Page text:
Schaumburg, Ill. — Pressure has usually driven some of history's best innovations, and the world of liquid silicone rubber is no exception.
Market demands are major drivers of innovation within the LSR market, and Gifford Shearer, silicone elastomers market manager with Dow Inc., shared how the current market is pushing the industry to new limits at the LSR 2019 conference, held Sept. 10-12 in Schaumburg.
"LSR innovation shouldn't just be done by the chemists in the labs," Shearer said. "Innovation should be driven by changes in the marketplace."
The LSR market is projected to grow by 8 percent annually through 2023, which Shearer said is faster than any other silicone elastomer primarily because of the advantages LSR has in the forms of automation and short cycle times.
These advantages allow LSR to penetrate many industries, and in turn those industries push compounders to come up with stronger formulations to meet ever-demanding applications. Shearer outlined four in his presentation, including:
• The need for higher quality, such as improved processing and lower cycle times.
• Improved sustainability, longevity or safety in sensitive applications.
• New applications, or combining LSR with new materials.
• Changes to specifications, either on the customer or regulatory side.
"All of these factors or changes are going to drive LSR innovation," Shearer said. "And as we bring new innovations, it's going to enable new applications and bring additional problems to solve."
Electrification within automotive is driving growth.
"If you open up the hood of a car these days, all you see is wires going everywhere," Shearer said. "The electrical content is significantly higher in the automobile and will continue to increase as we go toward hybrids and fully electric vehicles."
But despite the migration to electric platforms, traditional internal combustion engines are still going to play a major part of the automotive market for at least the next 10 years. Shearer said there is still demand for materials that can handle increasing temperatures for the standard internal combustion engine.
As internal combustion engines shrink in size, they will require materials that can withstand higher temperatures. Shearer said to do this, LSR compounders must suppress hydrosilylation reactions and stabilize the silicone compound's backbone to limit thermal oxidative degradation.
"If we can do this effectively, we see a significant reduction in compression sets," Shearer said.
Sensitive applications like medical, food, water, consumer/baby products will continue to demand LSR because Shearer said the material has been proven to be safe in these applications and is ideally suited to meet regulatory requirements.
These highly regulated industries require low-volatile LSRs to reduce risk. Shearer said there is typically 1 percent of volatile content in LSR after it's been molded and cured, but certain end applications require that those be removed with a post-curing application — heating the part in the oven.
"It really becomes the job of the fabricator to ensure that they're able to post-cure the part sufficiently, to remove these volatiles for the end application," Shearer said. "This can be a source of variability. There could be variability in the amount of volatiles coming into the LSR, and there could be variability in the effectiveness of the post-curing operation."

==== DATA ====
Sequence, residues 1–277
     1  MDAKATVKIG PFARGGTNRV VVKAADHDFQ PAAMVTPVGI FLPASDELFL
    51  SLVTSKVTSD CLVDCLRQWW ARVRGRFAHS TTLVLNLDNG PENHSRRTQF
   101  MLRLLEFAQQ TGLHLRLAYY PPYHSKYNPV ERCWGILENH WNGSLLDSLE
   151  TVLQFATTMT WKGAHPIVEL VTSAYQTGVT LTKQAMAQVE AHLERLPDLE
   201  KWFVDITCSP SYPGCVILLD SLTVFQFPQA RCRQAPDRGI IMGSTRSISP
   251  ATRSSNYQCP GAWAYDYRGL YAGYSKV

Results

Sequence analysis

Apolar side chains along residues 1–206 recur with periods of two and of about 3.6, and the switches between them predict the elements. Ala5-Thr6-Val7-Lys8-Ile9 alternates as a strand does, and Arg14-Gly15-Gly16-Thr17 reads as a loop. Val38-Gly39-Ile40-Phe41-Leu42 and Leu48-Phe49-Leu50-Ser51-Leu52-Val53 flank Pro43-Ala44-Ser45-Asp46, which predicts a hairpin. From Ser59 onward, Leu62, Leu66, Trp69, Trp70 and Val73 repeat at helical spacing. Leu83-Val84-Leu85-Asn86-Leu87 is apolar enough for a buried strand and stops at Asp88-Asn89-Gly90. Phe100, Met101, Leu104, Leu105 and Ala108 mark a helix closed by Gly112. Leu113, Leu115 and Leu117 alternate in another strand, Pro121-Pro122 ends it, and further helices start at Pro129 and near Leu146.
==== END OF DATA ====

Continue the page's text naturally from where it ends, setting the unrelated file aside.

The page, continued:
Post-curing can depend on the type of the oven, the effectiveness of the oven and the part thickness. Shearer said a thicker part is going to be more challenging to post-cure than a thinner part. The fabricator can't just use one set of post-curing operations for every part, which Shearer said injects some risk into the process because they now need to figure out the requirements to meet the end application.
Shearer said a solution is to remove the volatiles from the LSR before it's molded by using a no-volatile LSR. These compounds have been stripped out of the A and B parts before being delivered to the molder. Shearer said this guarantees that fabricators will be left with no more than 0.25 percent volatiles, and typically less, after molding and curing, which is well below the threshold limit for sensitive applications.
"We've eliminated the risk and eliminated the additional processing step of post-curing," Shearer said. "That's really the value that a no post-cure LSR brings."
The rise of wearable bands and unseen protection on electronic devices is presenting more opportunities for LSR, as is the rise of 3D printing applications.
But Shearer said one key hurdle to overmolding LSR with some of these sensitive electronic parts is the temperature. LSR typically has to cure at about 150° C, which is too hot for microchips and other low-temperature plastic compounds. This has pushed the industry to innovate with low-temperature-cure LSR compounds.
Shearer said these silicones are ideal for users who want to put thermally sensitive additives into the LSR but couldn't at the high temperature because they'd lose their function if cured at that heat. The low-temperature LSR grades also reduce cycle time and open up new possibilities to be overmolded to other plastics.
"Low-temperature-cure LSR uses the same chemical reaction, but we've reduced the activation temperature while maintaining the same pot life," Shearer said.
"It significantly reduces the curing time."
Finally, low-volume prototyping LSRs are becoming more prevalent as 3D printing applications begin to enter the silicone market. Shearer said these developments are driven by the need for manufacturers to prototype parts and customize manufacturing in low volumes.
"The ideal solution is 3D printing," Shearer said. "3D printing is not going to replace injection molding, but it can complement our molding of LSR through the ability to create rapid prototypes of functional materials and give us the ability to do custom manufacturing at low volumes."